What I find ironic is that many people are more eager to pronounce of the Word of God fallible than they are to declare the same about unsupported statements concerning it – when in reality the Word of God – written, as it is, by supernaturally inspired men – is the text that has most justification for its claim to infallible status.    I think that this might be partly owing to etiquette.  Even if the the average punter were aware of the middle man’s authorial presence, who would dare be so impolite as to imply that he hasn’t done his homework? Who would think of being so darned unchristian as to mistrust his judgement – and not only that – but to go out of his way to prove him wrong?  How untrusting!

It’s time to wake up. The Christian faith is a battle, not a tea party. Truth matters, and there is only one Word on which we need to hang our hat: the Word of God. If anyone claims that something is “Biblical” or “unbiblical” and doesn’t refer back to the Word, then the jury’s still out on it. In fact, don’t stop there. Look at the evidence they give carefully, because ‘Biblical’ can mean anything from ‘being a hit in a Bible concordance search’ to ‘being representative of conservative evangelical Christian beliefs’. The distinction matters. There’s something disenchanting, I know, about approaching media with a default attitude of ‘suspicious’.  But if we’re searching for truth – and the term ‘Biblical’ is claimed by Calvinists, Wesleyans, Roman Catholics, Anglicans, Charismatics and the like – then in itself the word cannot be taken on face value.  Unless we’re happy to do what C.S. Lewis calls ‘wait in the hall’ of mere Christianity; that is, to adopt a form of Christian faith so devoid of specific tenets that it is not directly contradicted by any denomination that claims to be ‘Biblical’ but likewise cannot qualify a person for membership of any church, then the usage of the word ‘Biblical’ has to be investigated carefully. I am not a Postmodern; I believe that God invested his Word with meaning.  Randy Newman says in his book ‘Bringing the Gospel Home’ that when trying to explain the gospel to family members we must remember that the true gospel is very ‘easy to miss’ in the midst of all the packagings and listener-friendly nuances we try to give it.  No kidding.  If something as foundational as Christ’s atoning death and Resurrection is easy to miss, then how much easier to miss must everything else be…?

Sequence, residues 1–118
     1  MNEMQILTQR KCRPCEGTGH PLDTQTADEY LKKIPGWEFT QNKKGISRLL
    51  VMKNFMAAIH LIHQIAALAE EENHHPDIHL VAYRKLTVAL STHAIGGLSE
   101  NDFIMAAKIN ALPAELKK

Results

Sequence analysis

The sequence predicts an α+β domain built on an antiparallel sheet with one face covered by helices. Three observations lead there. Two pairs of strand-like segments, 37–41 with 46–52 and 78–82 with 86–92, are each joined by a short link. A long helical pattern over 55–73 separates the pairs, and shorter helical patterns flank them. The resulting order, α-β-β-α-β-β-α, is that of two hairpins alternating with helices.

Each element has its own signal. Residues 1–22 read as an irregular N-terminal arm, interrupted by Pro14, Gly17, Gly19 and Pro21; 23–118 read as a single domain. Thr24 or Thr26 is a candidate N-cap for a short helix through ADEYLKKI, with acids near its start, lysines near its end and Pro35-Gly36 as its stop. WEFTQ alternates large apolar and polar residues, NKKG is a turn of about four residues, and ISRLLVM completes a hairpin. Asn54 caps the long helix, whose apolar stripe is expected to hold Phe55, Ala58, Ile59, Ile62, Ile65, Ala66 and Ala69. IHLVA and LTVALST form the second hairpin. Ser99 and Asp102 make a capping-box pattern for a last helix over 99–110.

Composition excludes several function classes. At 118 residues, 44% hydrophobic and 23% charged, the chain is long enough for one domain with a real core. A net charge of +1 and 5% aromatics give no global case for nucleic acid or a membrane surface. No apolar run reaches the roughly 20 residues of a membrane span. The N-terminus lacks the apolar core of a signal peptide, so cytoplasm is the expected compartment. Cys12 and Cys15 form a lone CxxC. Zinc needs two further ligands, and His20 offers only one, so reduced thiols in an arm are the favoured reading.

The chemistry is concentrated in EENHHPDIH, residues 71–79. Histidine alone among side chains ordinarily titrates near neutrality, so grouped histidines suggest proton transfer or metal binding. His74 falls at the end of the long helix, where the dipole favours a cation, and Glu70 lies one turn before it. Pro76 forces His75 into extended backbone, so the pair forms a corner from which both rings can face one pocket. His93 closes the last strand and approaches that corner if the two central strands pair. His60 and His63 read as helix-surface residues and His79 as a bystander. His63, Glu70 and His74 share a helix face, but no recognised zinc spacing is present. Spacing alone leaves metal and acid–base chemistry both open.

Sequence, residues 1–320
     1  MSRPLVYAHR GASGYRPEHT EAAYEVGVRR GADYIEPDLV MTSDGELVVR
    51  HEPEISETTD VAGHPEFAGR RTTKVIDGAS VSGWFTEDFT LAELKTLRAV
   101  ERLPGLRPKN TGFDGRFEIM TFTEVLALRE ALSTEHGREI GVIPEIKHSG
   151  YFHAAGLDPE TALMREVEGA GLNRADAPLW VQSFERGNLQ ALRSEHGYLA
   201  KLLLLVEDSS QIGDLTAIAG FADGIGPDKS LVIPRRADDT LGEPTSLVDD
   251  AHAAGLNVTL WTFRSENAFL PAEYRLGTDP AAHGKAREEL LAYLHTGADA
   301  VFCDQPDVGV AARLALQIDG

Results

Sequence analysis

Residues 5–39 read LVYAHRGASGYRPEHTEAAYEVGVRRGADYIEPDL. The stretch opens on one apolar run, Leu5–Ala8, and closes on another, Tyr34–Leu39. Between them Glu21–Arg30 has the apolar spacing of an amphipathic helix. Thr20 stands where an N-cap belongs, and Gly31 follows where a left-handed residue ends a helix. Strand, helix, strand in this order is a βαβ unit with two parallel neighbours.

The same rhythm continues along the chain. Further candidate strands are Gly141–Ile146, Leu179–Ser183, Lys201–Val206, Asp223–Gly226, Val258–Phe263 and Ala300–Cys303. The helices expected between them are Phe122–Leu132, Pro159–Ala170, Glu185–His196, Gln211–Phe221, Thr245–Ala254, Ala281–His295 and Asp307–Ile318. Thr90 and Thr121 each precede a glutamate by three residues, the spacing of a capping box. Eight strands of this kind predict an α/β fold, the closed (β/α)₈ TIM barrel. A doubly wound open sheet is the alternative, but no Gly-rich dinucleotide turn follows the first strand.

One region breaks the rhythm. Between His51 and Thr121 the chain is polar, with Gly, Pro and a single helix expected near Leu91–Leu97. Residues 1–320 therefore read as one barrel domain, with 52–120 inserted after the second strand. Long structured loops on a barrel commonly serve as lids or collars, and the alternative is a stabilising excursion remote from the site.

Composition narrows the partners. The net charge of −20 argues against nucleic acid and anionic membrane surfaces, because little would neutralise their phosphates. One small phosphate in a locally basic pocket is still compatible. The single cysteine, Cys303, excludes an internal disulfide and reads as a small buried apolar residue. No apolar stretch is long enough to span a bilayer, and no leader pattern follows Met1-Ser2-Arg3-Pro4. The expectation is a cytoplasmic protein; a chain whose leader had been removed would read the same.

For evaluation criteria of the validity of any so-called ‘evidence’ that might be provided in support of the “Biblical” label, I can’t give an exhaustive list. However, if you do find something a bit fishy and want to challenge it, then before going to the trouble to build up an argument for an opposing view, consider the following for starters:

  • Are the quoted verses being taken out of the context of their paragraph/chapter/book?
  • Is the text being interpreted in a manner contrary to its overall function in light of the New Covenant? (To give an example, for Christians, the Old Testament commands have a different significance in the light of the life, death and resurrection of Jesus Christ from the meaning they had when they were first given.  There is a large section of laws in the Old Testament about foods that are or aren’t acceptable to eat, whereas in the New Testament, Peter declares all foods acceptable, and it is Peter’s statement that is binding for Christians living under the New Covenant – i.e. us.  To use the Old Covenant implications of those passages to support an argument that isn’t bound to Old Covenant times is to misapply the Old Testament)
  • Can the quoted passage be linked to an ongoing theme in the Bible, or is the quoter trying to make it represent their own agenda?
  • If so, is the quotation representative of other resurgences of that theme, which might show it to be more complex than the quoter is making it out to be?
  • Is the ‘evidence’ being wrung out of the wording of only one translation of the Bible?
  • Does the evidence hinge on a misconstrued definition of the “original Greek” word for x, y or z?